“Oh, fuck me, yeah, smokin’ hot,” Tony approved with a whistle. “Those pants were made for your ass. Perfect synthesis. How do they feel?”


“You’ve said that about every pair of pants,” he laughed. “Maybe we should try coveralls?”

“Okay by me if it means we’re done here.”

“Are you really miserable?”

Tony sounded crestfallen. Steve turned slowly back towards him, sorry he’d put the hangdog look in Tony’s puppy brown eyes. “Nah, it’s okay.” The first time Tony had ever brought up the idea of having clothes made for him, Steve found the idea sexy, and for the most part it was. For Steve, clothing was a practical concern, but for Tony, clothes were art. Being Tony’s blank canvas to color to his exact taste and specification was thrilling. Yes, it was a bit embarrassing having Tony ogle him in front of these strangers; but a little naughty, too, which for some reason was fun. He just wished his headache would cease and he could be steadier to enjoy this more.

“Great.” Tony perked up. “I have to see you in those cotton gauze shirts Gino brought. And the blazers, too. And the shorts. For sure, the shorts.”

Steve smiled, ordering his body to cooperate. “Sure. No problem.”

“And don’t worry. This will be enough to get us started and give you something to pack, but now that they have your measurements, the stylists will be able to create the custom wardrobe you deserve.” The phone on the couch beside Tony started to ring. He had gotten a few new phone lines this afternoon, enabling him to receive the calls he wanted without dealing with the media frenzy. “Stark,” he answered, following with, “hold on.” Gesturing at the dark haired man to Steve’s right, he directed, “Terry, those pants are great, but let them out a teeny bit near the crotch for modesty. My guy’s a little shy.”

“Right away, Mr. Stark.”

“Let me see the tan ones next, then the shorts.” Tony went back to his call. “What’s up? No, no, no, I said I wanted it two feet from the wall. Two. Can you count to two? It’s the number after one. You know what? Don’t do anything. I’ll be right up.” Tony slid out from under his laptop and got up, adjusting himself with one hand, phone still clutched in the other. “Keep going, Steve. I’ll be right back.”

“No.” Steve got down off the stool and came to Tony, keeping his voice low in an effort for privacy in the room full of people. “Doing this with you is one thing. Standing here like a jerk by myself is another. I’m done.”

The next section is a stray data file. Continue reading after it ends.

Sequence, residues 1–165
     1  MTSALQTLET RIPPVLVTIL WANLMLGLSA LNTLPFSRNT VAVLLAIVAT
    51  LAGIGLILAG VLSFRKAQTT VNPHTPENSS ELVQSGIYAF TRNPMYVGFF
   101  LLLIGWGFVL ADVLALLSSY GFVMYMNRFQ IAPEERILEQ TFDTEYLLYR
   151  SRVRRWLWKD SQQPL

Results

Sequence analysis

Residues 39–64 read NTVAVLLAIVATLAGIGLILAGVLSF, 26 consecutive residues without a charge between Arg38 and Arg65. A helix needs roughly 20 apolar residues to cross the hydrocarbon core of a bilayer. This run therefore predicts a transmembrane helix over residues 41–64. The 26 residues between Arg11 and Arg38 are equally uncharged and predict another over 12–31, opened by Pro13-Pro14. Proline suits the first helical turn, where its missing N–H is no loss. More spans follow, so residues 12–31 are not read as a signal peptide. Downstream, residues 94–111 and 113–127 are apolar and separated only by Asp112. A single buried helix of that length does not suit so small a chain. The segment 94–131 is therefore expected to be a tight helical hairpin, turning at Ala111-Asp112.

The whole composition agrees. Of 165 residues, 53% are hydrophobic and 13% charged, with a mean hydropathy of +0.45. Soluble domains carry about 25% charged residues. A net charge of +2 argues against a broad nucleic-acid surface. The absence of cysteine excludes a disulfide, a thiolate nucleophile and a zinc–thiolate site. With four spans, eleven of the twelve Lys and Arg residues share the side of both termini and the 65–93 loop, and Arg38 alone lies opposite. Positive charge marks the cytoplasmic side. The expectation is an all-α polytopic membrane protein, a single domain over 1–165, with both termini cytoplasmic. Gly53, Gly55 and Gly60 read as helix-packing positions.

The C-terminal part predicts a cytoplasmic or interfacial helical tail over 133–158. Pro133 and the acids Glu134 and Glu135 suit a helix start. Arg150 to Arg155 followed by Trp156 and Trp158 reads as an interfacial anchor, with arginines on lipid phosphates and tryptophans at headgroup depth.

“I’m not going to be long, I promise. Please, baby?” Tony cajoled. Even as he murmured the words, his phone was ringing again. He looked at the device quickly, then hissed. “Dammit. I’ve got to take this.”

“Then take it. You’ve already picked out enough clothes for me to wear for six months. They’ve got my measurements. I’ll wear whatever else they come up with. But I’m done modeling for now.”

“Steve, come on—”

“I could always pack my Sears clothes.”

“Crap. Okay. I give. You fight dirty. I like that. Hang on.” He hit a button on the still buzzing phone, bringing it to his ear. “Pep, give me a minute. Yes, I know. I saw the emails. I’ll be right with you.”

“Go. Work. Do your Stark stuff.” Steve leaned to kiss him. Tony’s hand came up and stroked his cheek.

“Why is your face so warm, baby?”

“What do you expect? The way you’ve been looking at me.”

Tony grinned. “Wait ‘til you see how I look at you when you model for me in private.”

“Can’t wait.” Steve meant the words, though his body wasn’t responding to their flirting, which was odd. Usually, around Tony, his problem was keeping things under control.

Tony started issuing directions to the tailors and telling the valets what clothing he wanted packed. Steve sat down on the couch, giving his legs a chance to recover from standing so long. He tried to take another sip from the water bottle in his hand, but his stomach felt too full to cooperate. When Tony was done, he bent to retrieve his laptop from the couch and gave Steve a kiss on the top of the head. “If I wasn’t working so hard to get us out of here tonight, you would be in sooo much trouble right now, Captain.” He wiggled, adjusting the front of his pants again. “This was amazingly hot. Can’t wait to do it again when I can focus. Thanks for indulging me. You looked great in everything, but then, how not? Okay, focus, Stark. We should be ready to go in a couple of hours. I’ve got a few things to finish in the lab after I take care of the Stark Industries business and go chew out architects. My staff is in the apartment now packing for the trip, but if there’s something personal you want to bring, why don’t you pull it together? I’ve got the chefs preparing a feast for us all to chow down on before we head to the airport. I’ll have JARVIS let everyone know when it’s ready. See you soon.” Tony raced off in a flurry, still calling instructions to people as he left. Steve envied his energy, wishing he could borrow some.